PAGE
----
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INFORMACINĖS KOMUNIKACINĖS TECHNOLOGIJOS GAMTAMOKSLINIAME UGDYME – 2006 INFORMATION & COMMUNICATION TECHNOLOGY IN NATURAL SCIENCE EDUCATION – 2006

MILAN KUBIATKO Comenius University, Bratislava, Slovakia E-mail [email protected]

HOW DO TEACHERS USE INFORMATION AND COMMUNICATION TECHNOLOGY IN BIOLOGY TEACHING?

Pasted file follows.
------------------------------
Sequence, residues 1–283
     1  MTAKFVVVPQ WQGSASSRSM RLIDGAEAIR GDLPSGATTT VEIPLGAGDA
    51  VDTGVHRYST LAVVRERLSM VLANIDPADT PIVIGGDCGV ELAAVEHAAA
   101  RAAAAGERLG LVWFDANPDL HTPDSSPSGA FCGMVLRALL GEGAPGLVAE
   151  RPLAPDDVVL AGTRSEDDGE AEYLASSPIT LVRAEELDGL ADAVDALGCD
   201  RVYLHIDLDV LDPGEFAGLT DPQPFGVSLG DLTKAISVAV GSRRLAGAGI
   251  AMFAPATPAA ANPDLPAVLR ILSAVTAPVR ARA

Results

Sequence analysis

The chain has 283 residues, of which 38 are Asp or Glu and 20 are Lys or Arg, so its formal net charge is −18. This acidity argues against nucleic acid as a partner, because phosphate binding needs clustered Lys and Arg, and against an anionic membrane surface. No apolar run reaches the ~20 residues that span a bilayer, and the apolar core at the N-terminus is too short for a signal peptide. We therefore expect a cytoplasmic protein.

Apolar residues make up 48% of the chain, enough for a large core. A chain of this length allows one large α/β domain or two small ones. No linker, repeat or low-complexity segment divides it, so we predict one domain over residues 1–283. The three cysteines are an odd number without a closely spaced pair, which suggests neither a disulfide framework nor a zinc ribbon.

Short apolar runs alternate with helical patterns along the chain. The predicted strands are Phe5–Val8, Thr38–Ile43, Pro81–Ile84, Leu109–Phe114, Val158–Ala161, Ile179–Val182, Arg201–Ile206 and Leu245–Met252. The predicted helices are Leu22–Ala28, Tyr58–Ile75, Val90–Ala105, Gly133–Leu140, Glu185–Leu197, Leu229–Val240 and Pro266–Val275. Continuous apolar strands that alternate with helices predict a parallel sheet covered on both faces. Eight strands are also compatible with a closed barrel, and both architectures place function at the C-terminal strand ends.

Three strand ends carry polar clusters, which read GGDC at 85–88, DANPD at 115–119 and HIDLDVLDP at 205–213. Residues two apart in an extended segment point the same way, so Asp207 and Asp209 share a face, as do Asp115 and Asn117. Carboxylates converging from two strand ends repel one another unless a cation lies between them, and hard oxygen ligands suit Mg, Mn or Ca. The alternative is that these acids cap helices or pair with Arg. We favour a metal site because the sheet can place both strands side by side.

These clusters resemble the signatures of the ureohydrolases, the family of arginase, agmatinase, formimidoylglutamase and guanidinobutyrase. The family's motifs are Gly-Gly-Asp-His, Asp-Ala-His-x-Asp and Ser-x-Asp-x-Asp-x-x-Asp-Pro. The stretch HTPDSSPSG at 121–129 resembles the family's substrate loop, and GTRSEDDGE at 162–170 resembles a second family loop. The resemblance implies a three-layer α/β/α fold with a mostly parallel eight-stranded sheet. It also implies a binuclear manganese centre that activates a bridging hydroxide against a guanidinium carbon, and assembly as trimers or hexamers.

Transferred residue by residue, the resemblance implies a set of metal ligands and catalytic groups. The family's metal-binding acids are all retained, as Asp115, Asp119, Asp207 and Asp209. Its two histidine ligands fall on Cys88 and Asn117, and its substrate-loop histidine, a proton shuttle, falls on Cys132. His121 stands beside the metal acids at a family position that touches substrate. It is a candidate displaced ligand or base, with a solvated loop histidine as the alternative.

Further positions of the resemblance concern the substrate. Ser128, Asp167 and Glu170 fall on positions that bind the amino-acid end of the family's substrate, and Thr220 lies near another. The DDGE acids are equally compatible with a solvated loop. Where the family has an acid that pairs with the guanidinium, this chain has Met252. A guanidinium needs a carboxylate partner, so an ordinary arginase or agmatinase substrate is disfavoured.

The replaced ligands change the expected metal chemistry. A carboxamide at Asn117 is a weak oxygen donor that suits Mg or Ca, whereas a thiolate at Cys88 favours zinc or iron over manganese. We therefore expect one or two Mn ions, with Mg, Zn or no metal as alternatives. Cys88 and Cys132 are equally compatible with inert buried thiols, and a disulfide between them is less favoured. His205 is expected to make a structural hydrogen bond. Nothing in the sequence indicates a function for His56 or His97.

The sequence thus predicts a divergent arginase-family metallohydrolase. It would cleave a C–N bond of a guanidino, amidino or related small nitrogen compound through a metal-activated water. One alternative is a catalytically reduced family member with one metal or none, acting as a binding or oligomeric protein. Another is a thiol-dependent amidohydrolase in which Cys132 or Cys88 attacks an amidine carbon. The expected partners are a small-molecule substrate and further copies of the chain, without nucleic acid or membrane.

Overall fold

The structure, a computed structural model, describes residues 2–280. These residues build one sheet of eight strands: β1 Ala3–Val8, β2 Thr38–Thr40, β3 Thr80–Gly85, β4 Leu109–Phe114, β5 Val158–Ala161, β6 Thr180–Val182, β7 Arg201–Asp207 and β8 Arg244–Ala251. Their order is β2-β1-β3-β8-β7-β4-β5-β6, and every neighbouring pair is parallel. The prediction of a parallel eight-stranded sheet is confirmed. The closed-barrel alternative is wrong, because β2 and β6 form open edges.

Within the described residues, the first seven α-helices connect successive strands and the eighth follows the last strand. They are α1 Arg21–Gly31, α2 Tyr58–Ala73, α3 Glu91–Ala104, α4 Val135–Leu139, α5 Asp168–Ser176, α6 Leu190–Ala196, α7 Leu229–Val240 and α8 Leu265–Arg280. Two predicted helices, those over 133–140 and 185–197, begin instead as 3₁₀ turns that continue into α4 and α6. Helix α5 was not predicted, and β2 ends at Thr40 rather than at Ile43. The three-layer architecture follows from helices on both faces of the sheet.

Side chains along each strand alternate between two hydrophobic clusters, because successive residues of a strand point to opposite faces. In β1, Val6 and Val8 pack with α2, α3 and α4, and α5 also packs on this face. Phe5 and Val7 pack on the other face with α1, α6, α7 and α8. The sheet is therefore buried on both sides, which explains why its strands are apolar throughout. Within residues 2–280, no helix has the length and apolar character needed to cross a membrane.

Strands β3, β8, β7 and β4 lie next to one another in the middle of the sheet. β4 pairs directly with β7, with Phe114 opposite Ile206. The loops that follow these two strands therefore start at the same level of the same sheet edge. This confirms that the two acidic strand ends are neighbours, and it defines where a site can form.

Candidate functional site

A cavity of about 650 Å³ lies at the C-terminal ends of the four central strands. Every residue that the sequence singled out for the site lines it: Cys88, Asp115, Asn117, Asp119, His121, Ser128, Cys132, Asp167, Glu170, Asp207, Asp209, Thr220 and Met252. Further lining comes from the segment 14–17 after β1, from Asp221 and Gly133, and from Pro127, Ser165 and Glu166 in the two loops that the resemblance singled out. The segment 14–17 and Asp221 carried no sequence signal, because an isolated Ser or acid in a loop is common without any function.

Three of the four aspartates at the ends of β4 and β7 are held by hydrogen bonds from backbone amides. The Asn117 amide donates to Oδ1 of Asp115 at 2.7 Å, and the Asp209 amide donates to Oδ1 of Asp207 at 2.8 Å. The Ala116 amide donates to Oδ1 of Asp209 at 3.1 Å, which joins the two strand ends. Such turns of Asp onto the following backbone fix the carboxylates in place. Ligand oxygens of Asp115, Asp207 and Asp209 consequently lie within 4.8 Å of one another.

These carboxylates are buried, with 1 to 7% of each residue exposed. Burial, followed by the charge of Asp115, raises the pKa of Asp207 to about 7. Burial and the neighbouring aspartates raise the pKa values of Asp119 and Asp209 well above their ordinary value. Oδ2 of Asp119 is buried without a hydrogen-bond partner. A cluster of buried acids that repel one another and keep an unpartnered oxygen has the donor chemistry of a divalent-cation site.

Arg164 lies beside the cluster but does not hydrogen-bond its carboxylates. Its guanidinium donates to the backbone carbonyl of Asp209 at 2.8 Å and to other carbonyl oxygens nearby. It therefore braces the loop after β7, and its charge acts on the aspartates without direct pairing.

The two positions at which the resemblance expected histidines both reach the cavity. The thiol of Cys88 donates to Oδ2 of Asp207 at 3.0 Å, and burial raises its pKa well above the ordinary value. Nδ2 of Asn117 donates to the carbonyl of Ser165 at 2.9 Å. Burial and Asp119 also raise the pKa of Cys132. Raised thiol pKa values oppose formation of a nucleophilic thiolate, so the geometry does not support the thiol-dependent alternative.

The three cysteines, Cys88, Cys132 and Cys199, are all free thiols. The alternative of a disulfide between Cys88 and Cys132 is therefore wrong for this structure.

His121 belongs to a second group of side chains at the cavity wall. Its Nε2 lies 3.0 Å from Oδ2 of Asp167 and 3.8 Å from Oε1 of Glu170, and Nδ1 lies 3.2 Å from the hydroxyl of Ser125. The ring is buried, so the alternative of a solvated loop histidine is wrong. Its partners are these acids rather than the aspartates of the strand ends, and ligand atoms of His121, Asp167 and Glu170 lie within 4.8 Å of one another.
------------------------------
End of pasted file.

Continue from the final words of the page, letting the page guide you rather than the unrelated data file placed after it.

Introduction Nowadays, education undergoes the great progress. The end of time, when the overhead projector with slides was the latest equipment found at school, has been reached. Information and communication technologies (ICT) are working through the schools. ICT integration is the topical requirement of everyday life and plays an important role in society globalization. The facts that the knowledge obtained by the pupils and students is formal and that the level of grasping new concepts is very low are commonly known. We are facing a possibility of ICT and thinking of how this alarm situation could be improved and biology teaching should become more attractive. However, while using ICT we run into a number of problems e.g. the teachers´ fear of using ICT. If the teachers go through these obstacles, they will discover the new possibilities brought in biology teaching by ICT. The article discusses the students’ point of view on the how teachers in Slovakia use ICT in secondary grammar schools. Research Methodology We focused on the students´ point of view on how the teachers use ICT. We created our own measuring tool. We applied a method of questioning because of a large-scale inquiry of data. The questionnaire was evaluated by the teachers from the Department of Didactics in Sciences, Psychology and Pedagogy of the Faculty of Natural Sciences. Having finished the evaluation, we sent the questionnaires to schools. The questionnaire concentrated on different aspects of using ICT but we made a contribution towards showing how the teachers used ICT from the students’ point of view. We received 270 filled in questionnaires from nine secondary grammar schools. The questionnaires were distributed in April 2005 and received in June 2005. Analysis of Scientific Information Sources There are a lot of authors encountering problems with ICT. For example, Cox et al. (2003) points out that teachers use ICT discussing their subject, and thus the students better understand it. The most powerful effect is achieved when the students alone or in groups apply software focused on a particular task. Osborne and Hennessy (2001) reported about the effect of presenting information with using ICT and a positive effect on the student’s interest in biology. Salinger (2004) asserts that ICT can make the education quality better, because the content of multimedia helps with illustration and explanation of demanding concepts using the methods inaccessible through the sources of traditional methods and learning. ICT do not meet the task to be attachment or supplement to teacher’s preparation, but they offer the infinite access to information, which is accessible without any effort due internet (Gilmore, 1995). Yu (1998) used teaching supported by a personal computer and found out that the improvement of students´ performance and their attitudes to natural sciences were making better. Soyibo and Hudson (2000) found out that the students´ attitudes were statistically significant towards biology in the experimental group (teaching with using a personal computer, digital projector etc.) rather than in comparison with the control group where the methods of lecture and discussion were applied. There is an example from another subject which is mathematics. Jabaidah (2002) found out that elementary school learners were more motivated to learn separate parts of a subject if used ICT to teaching. Results of Research The first shown item refers to using didactics tools and is an open – ended object. Table 1 indicates that the majority of the students (75%) of secondary grammar schools agree that the most of the teachers use slides and an overhead projector. The second most frequently used tool was videotapes (34,07%). A weak